Filling up the timeline: have I missed anything?

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This post offers a short update on the historical work our project is pursuing; particularly concerning a timeline resource which some of you may be kind enough to help with.

Briefly though I would like to flag that our project is still recruiting those living with attached or implanted devices and prosthetics, to participate in an ongoing series of interviews. Please get in touch if you are interested, more details here: https://blog.bham.ac.uk/everydaycyborgs/get-involved/

Making a chronicle

A key difficulty when making a history of something which has had few, if any, histories already written of it, is that you first have to find the things which that history might be about. The net can be cast very wide. Along the way, justifications for what things to include or exclude have to be made. The hope is that at the end, some kind of overall picture might present itself. This last part also implicates audiences, because a picture can only be produced once you have certain people in mind who might either want or need to learn from it.

For the most part, the audience is usually other historians who have expressed a direct interest in the topic, or whose stated interests ought to implicate the topic, even though it has not yet occurred to them. But obviously nobody has to write with one and only one audience in mind. For instance, I created a large resource detailing companies that have operated in the medical device marketplace in the UK and Ireland since roughly 1970. Thus far, the only people who have written to ask for a copy of this resource have been engineers and representatives of companies. What does their interest tell us about the making of this history? Or what questions might their interest spark? Does it tilt me toward business history? Does it offer routes to potential interview participants? Potential archives? Maybe nothing. But the point is to be thinking about audiences.

Speaking of which! I am hoping that you, dear reader, might be able to help further influence the audiences I have in mind, by suggesting additions to my current condensed timeline. In a separate file I have a much longer timeline full of more bits and pieces, but the resource I am working on right now – and which you can download from this post – is intended to narrow that down to just key elements; the kind of elements that someone with a general interest in the development of medical devices and their governance, in the UK and Ireland, might want to learn or have to hand. You can download the current version here: DOWNLOAD PDF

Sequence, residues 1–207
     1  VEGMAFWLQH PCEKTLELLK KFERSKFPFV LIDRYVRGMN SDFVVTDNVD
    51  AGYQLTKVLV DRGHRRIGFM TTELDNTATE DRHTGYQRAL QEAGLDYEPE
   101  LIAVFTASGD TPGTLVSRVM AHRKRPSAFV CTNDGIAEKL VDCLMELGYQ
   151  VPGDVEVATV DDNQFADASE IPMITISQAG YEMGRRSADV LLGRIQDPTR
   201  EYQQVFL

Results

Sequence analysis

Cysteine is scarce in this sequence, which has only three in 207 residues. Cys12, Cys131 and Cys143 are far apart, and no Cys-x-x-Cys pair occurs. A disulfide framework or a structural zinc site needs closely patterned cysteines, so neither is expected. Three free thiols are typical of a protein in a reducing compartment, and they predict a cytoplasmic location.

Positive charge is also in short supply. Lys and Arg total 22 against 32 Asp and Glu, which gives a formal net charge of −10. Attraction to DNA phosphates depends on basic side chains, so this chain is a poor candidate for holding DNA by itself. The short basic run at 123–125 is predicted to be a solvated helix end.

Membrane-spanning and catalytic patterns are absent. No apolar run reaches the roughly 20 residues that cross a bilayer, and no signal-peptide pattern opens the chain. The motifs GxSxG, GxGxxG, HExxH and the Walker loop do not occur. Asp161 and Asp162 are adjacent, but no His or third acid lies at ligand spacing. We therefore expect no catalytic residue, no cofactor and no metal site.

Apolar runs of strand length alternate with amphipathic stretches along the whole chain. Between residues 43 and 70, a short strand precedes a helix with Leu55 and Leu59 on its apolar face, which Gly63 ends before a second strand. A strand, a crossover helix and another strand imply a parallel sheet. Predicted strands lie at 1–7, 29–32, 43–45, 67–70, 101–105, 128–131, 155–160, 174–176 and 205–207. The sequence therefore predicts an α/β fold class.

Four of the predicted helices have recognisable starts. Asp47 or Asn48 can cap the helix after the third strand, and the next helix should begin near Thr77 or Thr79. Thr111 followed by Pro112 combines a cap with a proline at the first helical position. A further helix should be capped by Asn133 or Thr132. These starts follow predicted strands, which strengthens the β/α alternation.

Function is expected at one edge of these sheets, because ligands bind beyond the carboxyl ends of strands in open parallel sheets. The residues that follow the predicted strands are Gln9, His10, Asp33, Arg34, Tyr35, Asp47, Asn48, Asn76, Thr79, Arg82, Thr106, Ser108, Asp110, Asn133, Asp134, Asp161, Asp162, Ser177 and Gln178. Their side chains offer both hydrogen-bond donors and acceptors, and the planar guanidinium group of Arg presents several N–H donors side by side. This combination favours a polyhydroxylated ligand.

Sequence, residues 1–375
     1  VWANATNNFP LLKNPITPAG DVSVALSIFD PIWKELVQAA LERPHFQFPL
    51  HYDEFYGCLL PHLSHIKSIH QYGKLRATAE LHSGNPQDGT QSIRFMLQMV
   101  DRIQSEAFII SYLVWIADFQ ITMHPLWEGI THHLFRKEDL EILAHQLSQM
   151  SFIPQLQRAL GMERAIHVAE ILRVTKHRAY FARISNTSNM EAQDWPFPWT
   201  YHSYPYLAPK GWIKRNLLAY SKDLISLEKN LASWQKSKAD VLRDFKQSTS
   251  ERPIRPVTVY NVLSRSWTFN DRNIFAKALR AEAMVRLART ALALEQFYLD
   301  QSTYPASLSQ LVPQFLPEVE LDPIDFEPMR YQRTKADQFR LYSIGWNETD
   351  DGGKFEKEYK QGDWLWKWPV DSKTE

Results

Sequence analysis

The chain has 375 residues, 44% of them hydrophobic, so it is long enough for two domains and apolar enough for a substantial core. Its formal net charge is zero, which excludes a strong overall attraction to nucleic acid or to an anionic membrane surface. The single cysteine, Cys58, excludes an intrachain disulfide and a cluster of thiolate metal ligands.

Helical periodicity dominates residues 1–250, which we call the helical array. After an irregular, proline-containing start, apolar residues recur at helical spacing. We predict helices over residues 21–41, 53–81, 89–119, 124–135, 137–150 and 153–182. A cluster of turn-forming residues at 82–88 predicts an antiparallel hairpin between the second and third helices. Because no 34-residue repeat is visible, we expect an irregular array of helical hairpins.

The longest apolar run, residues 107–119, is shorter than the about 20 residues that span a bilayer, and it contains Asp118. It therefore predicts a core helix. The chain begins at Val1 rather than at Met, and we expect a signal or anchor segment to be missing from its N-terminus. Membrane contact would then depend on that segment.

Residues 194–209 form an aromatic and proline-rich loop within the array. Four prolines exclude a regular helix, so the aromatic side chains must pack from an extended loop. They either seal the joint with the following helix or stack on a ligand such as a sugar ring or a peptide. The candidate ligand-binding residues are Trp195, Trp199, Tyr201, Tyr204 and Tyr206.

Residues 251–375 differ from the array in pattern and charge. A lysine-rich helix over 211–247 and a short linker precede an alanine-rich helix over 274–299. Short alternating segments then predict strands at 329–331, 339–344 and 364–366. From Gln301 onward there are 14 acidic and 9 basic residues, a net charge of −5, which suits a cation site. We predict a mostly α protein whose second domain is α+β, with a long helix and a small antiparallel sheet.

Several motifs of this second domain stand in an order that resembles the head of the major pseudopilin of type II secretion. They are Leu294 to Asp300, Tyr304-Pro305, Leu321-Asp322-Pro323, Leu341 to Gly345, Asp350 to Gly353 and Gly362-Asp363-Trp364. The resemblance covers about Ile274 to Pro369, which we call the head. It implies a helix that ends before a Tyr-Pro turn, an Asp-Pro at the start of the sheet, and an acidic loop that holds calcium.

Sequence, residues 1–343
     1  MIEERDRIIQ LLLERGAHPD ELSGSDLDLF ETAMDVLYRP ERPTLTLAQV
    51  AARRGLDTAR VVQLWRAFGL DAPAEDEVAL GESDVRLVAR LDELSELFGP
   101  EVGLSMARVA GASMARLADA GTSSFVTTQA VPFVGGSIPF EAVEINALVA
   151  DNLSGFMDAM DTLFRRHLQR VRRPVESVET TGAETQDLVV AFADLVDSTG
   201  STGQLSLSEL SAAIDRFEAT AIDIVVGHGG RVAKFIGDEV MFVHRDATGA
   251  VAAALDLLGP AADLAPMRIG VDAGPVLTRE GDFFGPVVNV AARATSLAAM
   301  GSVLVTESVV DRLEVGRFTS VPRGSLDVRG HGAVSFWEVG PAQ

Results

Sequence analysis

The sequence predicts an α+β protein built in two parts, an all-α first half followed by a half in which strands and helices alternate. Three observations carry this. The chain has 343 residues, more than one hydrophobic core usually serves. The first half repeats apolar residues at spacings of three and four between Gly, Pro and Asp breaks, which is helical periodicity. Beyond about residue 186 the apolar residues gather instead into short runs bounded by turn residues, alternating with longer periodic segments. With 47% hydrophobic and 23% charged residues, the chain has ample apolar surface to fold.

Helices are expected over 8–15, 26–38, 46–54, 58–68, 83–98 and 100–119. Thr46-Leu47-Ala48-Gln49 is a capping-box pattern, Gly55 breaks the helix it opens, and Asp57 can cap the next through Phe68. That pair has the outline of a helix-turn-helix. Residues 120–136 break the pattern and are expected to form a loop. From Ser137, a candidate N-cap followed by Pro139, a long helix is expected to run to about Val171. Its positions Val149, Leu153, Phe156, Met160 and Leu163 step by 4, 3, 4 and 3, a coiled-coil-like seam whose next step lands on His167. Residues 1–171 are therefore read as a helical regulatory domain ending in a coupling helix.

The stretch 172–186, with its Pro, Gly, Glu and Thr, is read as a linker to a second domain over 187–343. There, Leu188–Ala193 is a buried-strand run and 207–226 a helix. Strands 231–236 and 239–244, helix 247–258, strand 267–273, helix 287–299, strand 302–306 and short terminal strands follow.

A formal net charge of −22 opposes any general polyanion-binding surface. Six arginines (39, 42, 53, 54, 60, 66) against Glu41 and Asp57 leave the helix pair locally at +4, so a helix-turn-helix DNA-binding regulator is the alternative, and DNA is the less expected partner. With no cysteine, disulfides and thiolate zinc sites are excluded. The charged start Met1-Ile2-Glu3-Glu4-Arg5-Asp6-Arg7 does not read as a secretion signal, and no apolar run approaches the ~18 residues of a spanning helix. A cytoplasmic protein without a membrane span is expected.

So what have I missed? What would you like to see included? I will be very grateful for any suggestions you might care to make. The only constraints that I have to work within concern the size of the PDF. My intention is to create something which people can either download or get printed into a booklet, and the current size of the file fits the template for a three-folded 210mm x 210mm leaflet. So I won’t be able to add everything, which means more hard choices will be coming down the road!

 

What I have avoided

I have not created a list of arguably significant medical devices and the years in which they were developed or released. This is the kind of resource that industry associations, or departments for innovation, or engineering schools, sometimes like to make. Whilst these sorts of lists have their utility for particular purposes, that kind of chronicle is not what we are aiming at in this project. It is also the kind of resource that, as I say, is already pretty easy to find.

I have also avoided picking out some central technologies and filling in a timeline around them. This is consistent with a key choice for my overall historical agenda, which is to bring into focus the field of medical device development as a whole, rather than pick out examples. Quite a few histories of individual medical technologies have already been written, and while these are exceptionally valuable (and I have ransacked a few to add points on the timeline), I am not intending to create a history that adds to their number. The aim is to try and create a more synthetic history from the multitude of devices.

Other than that, I don’t think I am strategically excluding anything else, and I hope the 4 categories of Governance, Regulation, Civil Society, and Industry, create a potential home for most any candidate addition you might send to me. I think these categories are relatively straightforward. Paralleling them with each other achieves two aims. First, to recognise that many different kinds of actor takes an interest in the world of medical technology. Second, to make it is easier to remember many layers of history developing at once. But perhaps I am missing a fifth essential category! I look forward to finding out.

You can write to Dominic on d.berry[at]bham.ac.uk

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